Tucson 2023 — Part 4


I had intended to attend several seminars and demonstrations offered by the AGTA and USFG.  But I pretty much failed.  It seemed I was always at the wrong place immersed in something else when it came time for the interesting seminars.  I did make it over to the USFG a couple times, but did not stay long in either case.  I wish the location used by the USFG for its symposium (OPLC) was not so far away from everything else since it runs the same days at the AGTA and GJX shows.

People and Places

One of this year’s highlights was the GO dinner meet up at the El Charro. The group was smaller than the past few times I attended so we were placed in a small room by ourselves.  The situation was perfect — everyone could hear about the finds that had been made in the course of the shows as well as listening to some tall tales of other gem adventures.

Part of the magic of Tucson is that it brings together so  many people with common interests.  Folks who had been only names in an online forum or mentioned as experts in various articles are there and most often share their expertise.  Business relationships develop with dealers and new friends are made.  It is also fun to unexpectedly meet up with others from home while wandering through the shows.  I’ve almost come to expect meeting up with one of our local jewelers at AGTA — only this time it was at GJX.  Another surprise this year was to hear someone saying hello to me in one of the Pueblo dealer rooms — another SLO area person that I had not seen in years.

It took several days before I finally got to the point of doing an early morning hike around the paved  loop at Sentinel Peak (“A” mountain).  The first was a day where I needed to scrape the frost off the car windows to see where I was going.  I was glad that I had gloves and appropriate clothing for the chill. From the highest part, one gets a terrific view of Tucson.  The scale and number of the freeway show tents is impressive.  I tried to take a lot of photos of the city and show area as well as the sunrise (unlike previous years where I seemed to be focused on the cactus).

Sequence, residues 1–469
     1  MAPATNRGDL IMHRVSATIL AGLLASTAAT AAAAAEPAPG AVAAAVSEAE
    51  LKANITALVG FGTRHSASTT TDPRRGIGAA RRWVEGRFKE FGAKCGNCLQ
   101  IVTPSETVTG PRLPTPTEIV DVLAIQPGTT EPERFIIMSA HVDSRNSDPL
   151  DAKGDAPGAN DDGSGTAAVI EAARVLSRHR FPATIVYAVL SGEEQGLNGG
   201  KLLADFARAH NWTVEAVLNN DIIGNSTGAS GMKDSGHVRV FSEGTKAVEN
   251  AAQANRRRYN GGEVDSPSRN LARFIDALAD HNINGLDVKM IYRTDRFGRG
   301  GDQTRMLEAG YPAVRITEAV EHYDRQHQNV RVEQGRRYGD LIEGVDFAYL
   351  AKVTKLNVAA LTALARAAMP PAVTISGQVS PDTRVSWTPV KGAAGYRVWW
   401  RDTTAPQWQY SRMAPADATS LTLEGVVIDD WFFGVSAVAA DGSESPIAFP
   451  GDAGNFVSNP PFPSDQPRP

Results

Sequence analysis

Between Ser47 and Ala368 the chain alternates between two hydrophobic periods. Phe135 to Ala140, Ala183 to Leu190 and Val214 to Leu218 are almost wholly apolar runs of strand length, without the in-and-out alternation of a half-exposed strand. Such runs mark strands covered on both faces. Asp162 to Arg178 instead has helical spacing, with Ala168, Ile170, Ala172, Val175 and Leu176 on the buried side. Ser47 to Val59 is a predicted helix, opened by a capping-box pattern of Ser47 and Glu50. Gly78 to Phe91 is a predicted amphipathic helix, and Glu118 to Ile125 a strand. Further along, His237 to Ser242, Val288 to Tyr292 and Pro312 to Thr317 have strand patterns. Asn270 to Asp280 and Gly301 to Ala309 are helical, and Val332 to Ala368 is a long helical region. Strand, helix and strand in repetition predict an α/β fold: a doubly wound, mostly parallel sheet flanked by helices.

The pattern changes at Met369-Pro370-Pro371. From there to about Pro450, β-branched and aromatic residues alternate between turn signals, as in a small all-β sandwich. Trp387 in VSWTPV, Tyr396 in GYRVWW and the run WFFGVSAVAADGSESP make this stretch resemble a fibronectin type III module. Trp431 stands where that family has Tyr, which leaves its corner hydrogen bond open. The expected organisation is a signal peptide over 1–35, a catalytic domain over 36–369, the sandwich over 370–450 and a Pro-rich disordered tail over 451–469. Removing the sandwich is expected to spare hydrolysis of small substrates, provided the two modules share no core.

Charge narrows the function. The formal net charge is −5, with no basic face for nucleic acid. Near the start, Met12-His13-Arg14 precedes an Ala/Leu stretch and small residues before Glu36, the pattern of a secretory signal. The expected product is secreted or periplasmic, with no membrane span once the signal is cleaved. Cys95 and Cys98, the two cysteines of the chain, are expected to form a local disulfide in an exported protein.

The other two mornings I managed to do the walk were warmer — but still more than cool enough for me to appreciate gloves. Only a few others were out walking that early.



This time I noticed more how the gem and mineral shows seemed to overwhelm the resources in Tucson.  Along the freeway area, there was a definite shortage of places to eat (other than food trucks at the shows.)  A google map search for restaurants had nearly all its suggestions greater than 4 miles away.  The hotels hosting the shows were showing their age and at least two in that area seemed to be closed.

As I drove around town, I found myself amused by some of the traffic engineering decisions.  Or annoyed by them as in the case where I was heading for the freeway needing to go in a direction to my right only to discover too late that the freeway entrance on that side of the road was going the other way and I should have been in the left lane for the direction I wanted.  (Not sure if it was north and south or east and west.)  Another one was the traffic “circles” that were created by digging up the middle of an intersection.  These were typically combined with speed bumps halfway between intersections.

The freeway entrance and exit ramps tended to be very long.  That should have made things a lot easier for drivers — except that the distance provided to merge into traffic was way short.  This also applied to merging on to the appropriate lanes of the frontage roads when exiting the freeway.  If you needed to make a right turn at the next intersection, you might need to cross two or three lanes very quickly.

Instead of a sign at an interesting with a one way street saying “right turn only”, I noticed that they had “Do Not Enter” signs placed where they would only be seen after the driver turned heading the wrong way into the street.